Definition: A character that actively competes against the protagonist.
What You Need To Know: Rivals are one of the corner stones of Anime and manga. They are usually introduced as a protagonist’s long time acquaintance or first enemy, and initially have an advantage over the protagonist. Rivals walk the fine line between comrade and foe throughout most stories, and end up helping the protagonist become a stronger person.
Because most protagonists are very personable, Rivals tend to be the opposite. If the protagonist is friendly, then the Rival will be rude. If the protagonist is arrogant, then the Rival will be cool and collected. Writers and artists even go so far as to give the rival and protagonist opposite physical characteristics, such as different heights, hair style, or even color schemes.
Even though Rivals start off as stronger than the protagonist, the nature of the protagonist’s role requires them to be defeated. This sets most Rivals down a destructive spiral. A lot of Rivals tend to have a superiority and inferiority complex. They believe that they are the best, and cannot mentally accept otherwise. They may even become obsessed with the protagonist in order to learn why they were defeated.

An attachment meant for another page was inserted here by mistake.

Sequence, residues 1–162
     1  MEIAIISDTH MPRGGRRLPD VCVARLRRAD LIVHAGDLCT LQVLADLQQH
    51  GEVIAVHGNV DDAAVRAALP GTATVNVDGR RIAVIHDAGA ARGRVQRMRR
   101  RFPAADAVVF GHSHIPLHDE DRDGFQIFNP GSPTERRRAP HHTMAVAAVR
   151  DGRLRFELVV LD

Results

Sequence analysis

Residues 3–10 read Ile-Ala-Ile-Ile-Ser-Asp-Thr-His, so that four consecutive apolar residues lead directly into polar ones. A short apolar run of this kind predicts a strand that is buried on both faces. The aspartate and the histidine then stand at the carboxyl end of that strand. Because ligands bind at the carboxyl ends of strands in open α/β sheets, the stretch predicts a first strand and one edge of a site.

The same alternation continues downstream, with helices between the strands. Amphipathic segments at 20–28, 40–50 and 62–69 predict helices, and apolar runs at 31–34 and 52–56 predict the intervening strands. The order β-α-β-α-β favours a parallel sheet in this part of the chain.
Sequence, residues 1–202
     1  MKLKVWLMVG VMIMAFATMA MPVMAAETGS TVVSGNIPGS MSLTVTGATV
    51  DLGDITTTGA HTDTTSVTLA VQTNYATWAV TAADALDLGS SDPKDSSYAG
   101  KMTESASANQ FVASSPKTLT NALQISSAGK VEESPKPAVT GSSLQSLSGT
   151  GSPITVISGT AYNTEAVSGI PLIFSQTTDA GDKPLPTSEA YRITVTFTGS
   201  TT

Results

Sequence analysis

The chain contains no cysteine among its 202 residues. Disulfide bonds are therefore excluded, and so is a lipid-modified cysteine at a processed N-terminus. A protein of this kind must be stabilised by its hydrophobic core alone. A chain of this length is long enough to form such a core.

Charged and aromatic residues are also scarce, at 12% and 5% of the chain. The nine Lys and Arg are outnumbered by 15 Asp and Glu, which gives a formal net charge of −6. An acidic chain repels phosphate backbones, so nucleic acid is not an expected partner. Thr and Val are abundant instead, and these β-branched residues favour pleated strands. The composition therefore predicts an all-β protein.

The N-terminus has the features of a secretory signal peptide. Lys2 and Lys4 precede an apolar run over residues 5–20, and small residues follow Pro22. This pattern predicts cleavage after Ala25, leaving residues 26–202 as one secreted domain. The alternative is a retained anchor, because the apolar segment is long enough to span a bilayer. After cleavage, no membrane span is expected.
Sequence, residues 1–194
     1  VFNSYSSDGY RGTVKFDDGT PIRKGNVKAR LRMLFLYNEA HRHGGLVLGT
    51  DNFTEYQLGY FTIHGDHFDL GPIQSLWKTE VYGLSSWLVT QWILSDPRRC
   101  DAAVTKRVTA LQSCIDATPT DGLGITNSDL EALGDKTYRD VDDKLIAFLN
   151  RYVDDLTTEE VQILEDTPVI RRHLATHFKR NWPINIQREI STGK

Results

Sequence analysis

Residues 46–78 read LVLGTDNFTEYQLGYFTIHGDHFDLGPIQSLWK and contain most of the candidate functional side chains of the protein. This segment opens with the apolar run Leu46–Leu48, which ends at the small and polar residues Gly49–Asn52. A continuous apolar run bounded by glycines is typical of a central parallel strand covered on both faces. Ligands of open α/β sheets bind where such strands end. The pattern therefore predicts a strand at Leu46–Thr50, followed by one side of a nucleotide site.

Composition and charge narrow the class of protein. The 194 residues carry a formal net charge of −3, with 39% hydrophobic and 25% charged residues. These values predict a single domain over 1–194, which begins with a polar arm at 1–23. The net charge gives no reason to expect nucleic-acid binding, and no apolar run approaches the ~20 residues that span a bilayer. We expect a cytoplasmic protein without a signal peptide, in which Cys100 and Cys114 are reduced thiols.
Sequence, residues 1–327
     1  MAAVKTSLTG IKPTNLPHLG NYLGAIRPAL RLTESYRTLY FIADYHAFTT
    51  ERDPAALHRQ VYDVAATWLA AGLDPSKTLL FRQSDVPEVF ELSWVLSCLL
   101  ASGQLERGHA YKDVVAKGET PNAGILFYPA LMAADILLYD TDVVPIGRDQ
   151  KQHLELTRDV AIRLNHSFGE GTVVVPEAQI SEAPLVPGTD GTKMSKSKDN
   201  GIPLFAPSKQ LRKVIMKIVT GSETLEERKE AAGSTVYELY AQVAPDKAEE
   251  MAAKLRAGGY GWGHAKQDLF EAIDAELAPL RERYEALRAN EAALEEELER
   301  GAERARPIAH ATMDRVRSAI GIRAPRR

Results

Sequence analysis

Rivals are not “arch-enemies.” A lot of Rivals end up working alongside the protagonist and his/her crew, adopting an almost Tsundere personality. They like having someone to compete with, even if they can’t admit it themselves. The Rival’s journey is to become less individualistic and more trusting.
Still, at the end of the day, a lot of Rivals are kinda jerks.
My Western Take: In fiction, you gauge the value of a hero by the obstacles they need to overcome. In a lot of stories, these obstacles are personified as an antagonist. The most successful antagonists are often just inverted version of the protagonist. Batman and The Joker, Luke Skywaker and Darth Vader, Cal and Stanford. Admittedly, western fiction doesn’t play around with the concept as much as I’d like. In manga and anime, Rivals are less negative versions of traditional antagonists. They want to defeat the protagonist, but generally don’t wish any real ill will towards them or their friends. They are equivalent to the western term, “Frienemies.”